F. Scott Fitzgerald and Modernism

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F. Scott Fitzgerald and Modernism
During the roaring twenties, the United States was a blemished nation. Crime and corruption were at an all-time high, the bootlegging business was booming, and throughout all this, people were euphoric. This time period during the nineteenth and twentieth century was captured by numerous artists, writers, musicians, and entertainers in their attempts to break from traditional values in what is known as modernism. A modernist is in simple terms a rebel. One who dislikes normal conventions and hopes to rewrite and renew societal morals. These artists were rebels with a cause and fought to expose themselves to society. Fitzgerald is an iconic figure in modernism because he skews the perception of reality, rejects the stereotypical traditions, and exposes people’s struggles as the American Dream fades away and proves a nightmare.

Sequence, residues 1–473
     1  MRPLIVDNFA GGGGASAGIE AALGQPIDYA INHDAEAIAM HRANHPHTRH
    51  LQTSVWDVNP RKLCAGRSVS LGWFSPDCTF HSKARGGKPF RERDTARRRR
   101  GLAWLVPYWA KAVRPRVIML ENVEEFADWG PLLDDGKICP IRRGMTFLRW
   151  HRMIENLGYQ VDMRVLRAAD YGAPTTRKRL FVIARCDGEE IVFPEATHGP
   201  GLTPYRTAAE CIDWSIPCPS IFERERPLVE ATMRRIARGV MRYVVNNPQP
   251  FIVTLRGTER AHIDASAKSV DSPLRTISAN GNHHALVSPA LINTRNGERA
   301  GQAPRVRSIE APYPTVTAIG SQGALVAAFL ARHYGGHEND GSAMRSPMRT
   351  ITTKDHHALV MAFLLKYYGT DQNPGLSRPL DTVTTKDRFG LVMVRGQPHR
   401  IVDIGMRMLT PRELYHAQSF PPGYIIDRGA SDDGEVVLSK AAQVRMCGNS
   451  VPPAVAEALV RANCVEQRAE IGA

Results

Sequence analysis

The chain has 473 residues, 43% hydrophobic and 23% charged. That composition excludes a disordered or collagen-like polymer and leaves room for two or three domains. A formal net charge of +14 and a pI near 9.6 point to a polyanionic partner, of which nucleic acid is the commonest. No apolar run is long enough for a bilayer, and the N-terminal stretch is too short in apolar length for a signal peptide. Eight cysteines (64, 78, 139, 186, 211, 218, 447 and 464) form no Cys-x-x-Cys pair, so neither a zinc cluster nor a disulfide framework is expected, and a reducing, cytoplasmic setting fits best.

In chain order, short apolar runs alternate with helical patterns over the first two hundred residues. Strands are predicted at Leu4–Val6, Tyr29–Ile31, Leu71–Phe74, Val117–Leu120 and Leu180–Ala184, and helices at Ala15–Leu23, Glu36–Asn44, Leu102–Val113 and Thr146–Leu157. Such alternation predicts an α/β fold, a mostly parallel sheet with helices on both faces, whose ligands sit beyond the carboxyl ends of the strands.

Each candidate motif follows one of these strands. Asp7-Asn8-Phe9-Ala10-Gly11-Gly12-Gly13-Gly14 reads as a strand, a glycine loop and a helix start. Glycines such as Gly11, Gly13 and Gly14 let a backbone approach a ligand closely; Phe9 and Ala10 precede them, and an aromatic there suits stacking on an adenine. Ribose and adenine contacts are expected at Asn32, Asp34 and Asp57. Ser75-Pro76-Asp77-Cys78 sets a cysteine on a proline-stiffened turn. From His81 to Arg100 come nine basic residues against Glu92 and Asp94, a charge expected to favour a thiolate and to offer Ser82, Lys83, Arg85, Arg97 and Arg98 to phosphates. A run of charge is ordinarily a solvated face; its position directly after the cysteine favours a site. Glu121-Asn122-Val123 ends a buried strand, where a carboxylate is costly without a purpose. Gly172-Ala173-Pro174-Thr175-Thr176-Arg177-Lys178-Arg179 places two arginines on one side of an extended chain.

F. Scott Fitzgerald was fascinated by fame and fortune throughout his lifetime. His characters were as well. His modernist writing style often reflected how greed and a materialistic attitude destroyed people and condemned them from the start. Most of his novels were set in the midst of the roaring twenties where action and the city life engulfed people each night to the point where all problems seemed forgotten. Nevertheless, Fitzgerald wrote to expose how materialistic people struggled to find themselves while they lost faith in the American Dream. In The Great Gatsby, the main character and narrator, Nick

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